Pour the broth through a colander with fine holes to remove any particulate matter, then store it in a large plastic containers in the refrigerator overnight.
(I usually get enough broth to fill at least 2 large bowl-shaped plastic containers when using a turkey 12 lbs. or larger, so I put one in the refrigerator and freeze the rest to make turkey soup later in the month.)
Make the Soup (Day 2)
The next day, remove the broth from the refrigerator. Skim off the fat that will have floated to the top and hardened overnight and discard.
Place the desired amount of broth into a large pot.
Add the chopped carrot and celery and bring to a boil, cooking until the vegetables have softened a bit.
Add salt and a bit of white pepper to taste.
When the water is boiling, add the pasta of your choice, and cook according to package directions. The pappardelle pasta I use takes only 6 minutes to cook.
Cook to “al dente” (a little firm) according to package directions. If not serving the soup right away, under cook it a bit, because pasta will absorb water as it sits in the soup.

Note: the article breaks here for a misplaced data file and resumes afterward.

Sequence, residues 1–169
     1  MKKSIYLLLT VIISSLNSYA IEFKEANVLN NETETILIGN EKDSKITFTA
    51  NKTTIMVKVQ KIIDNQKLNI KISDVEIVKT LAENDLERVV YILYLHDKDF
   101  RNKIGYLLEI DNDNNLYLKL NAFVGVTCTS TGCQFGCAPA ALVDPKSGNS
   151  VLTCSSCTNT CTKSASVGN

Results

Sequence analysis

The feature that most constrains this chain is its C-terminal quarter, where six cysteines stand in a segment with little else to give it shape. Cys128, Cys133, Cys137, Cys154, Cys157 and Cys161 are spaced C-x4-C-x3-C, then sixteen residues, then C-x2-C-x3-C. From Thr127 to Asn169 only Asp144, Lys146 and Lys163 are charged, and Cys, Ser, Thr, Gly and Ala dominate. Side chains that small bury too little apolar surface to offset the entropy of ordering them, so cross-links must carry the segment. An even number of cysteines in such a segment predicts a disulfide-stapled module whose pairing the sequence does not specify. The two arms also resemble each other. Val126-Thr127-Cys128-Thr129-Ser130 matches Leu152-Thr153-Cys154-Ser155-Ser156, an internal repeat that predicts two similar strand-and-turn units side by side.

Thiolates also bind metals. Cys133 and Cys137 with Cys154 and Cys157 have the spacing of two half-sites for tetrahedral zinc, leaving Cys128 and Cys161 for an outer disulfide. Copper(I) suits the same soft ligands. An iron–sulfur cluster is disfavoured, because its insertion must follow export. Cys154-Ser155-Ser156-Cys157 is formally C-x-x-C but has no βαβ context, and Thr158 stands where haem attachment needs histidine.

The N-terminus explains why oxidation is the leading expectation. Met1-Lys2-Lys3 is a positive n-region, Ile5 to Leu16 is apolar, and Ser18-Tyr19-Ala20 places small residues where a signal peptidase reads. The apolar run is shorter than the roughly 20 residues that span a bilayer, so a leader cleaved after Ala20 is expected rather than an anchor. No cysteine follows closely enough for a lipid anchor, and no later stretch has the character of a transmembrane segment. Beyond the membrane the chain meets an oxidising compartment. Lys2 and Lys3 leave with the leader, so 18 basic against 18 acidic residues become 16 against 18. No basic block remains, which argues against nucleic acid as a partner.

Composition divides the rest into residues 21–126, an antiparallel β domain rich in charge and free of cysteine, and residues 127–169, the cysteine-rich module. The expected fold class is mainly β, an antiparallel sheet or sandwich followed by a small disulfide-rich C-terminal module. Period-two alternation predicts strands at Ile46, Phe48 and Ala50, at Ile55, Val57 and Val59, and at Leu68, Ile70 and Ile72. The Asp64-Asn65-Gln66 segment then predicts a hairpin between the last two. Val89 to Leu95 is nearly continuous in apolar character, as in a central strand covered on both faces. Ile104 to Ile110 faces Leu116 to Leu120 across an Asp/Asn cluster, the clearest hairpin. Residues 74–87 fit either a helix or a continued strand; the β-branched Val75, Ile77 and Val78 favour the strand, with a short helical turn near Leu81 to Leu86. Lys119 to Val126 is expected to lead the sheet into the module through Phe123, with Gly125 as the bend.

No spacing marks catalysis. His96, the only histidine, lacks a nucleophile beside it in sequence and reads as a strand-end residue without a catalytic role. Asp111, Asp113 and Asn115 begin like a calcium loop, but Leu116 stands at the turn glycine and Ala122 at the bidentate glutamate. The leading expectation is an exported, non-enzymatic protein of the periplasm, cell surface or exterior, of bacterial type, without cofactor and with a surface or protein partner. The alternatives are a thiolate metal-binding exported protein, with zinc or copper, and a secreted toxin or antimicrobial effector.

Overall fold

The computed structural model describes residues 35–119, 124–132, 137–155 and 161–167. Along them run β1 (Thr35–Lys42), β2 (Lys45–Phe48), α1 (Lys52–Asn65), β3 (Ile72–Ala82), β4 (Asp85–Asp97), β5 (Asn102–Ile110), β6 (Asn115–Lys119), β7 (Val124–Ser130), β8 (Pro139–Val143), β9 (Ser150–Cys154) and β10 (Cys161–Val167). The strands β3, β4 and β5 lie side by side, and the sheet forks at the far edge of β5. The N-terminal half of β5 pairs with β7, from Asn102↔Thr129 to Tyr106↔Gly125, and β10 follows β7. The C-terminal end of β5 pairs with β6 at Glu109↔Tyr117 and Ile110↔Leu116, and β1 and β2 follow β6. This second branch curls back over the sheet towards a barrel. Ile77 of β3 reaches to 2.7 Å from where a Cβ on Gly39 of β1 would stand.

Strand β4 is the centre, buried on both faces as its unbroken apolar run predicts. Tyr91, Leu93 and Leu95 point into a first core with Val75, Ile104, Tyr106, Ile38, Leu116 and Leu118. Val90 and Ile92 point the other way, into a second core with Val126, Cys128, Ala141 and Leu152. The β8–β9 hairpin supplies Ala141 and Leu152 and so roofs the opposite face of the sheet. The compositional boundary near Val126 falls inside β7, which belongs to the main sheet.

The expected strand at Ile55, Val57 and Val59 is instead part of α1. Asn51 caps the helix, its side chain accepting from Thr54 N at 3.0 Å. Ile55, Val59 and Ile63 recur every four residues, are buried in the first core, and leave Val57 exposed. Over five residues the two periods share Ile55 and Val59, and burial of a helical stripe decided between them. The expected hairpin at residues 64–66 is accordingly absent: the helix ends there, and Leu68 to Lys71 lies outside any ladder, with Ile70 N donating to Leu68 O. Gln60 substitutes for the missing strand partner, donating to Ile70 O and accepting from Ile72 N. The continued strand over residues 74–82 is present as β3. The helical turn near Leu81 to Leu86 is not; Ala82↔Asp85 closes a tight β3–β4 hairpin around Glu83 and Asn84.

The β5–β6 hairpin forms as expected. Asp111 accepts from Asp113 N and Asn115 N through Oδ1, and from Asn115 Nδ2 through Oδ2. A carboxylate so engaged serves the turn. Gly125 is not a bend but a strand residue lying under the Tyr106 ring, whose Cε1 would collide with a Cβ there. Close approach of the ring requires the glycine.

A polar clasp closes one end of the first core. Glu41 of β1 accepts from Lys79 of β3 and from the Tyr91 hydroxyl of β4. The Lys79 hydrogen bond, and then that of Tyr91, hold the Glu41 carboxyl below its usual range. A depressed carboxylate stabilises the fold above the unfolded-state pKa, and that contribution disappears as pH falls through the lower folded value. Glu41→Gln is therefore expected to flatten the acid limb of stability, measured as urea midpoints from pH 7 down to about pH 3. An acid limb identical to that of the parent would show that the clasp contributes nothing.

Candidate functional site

Prior to serving , add the pre-cooked, left over turkey breast (or dark meat if preferred) cut to desired size and chopped parsley to warm through.
Serve in a large soup bowl garnished with fresh parsley.
Refrigerate leftovers to eat later in the week, if there are any!
*How to Chop Soup Vegetables
Carrots: Cut lengthwise to half, and then lengthwise again to get quarters. Line them up side by side and then cut crosswise from the tips to the base of the carrot to get small, even pieces that look like quarters of a circle.
Celery: Cut lengthwise through each celery stalk as many times as needed to give pieces the same thickness as the carrot pieces. (You will need more lengthwise cuts at the thicker part of the celery near the base.) Then cut crosswise from the tip to the base to get small, rectangular pieces of celery about the same size as the carrot pieces.
— by Kathryn Occhipinti
Kathryn Occhipinti, MD, is the author of the
Conversational Italian for Travelers series of books and a teacher of Italian for travelers to Italy in the Peoria and Chicago area.
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Thanksgiving Turkey Soup – That’s Italian!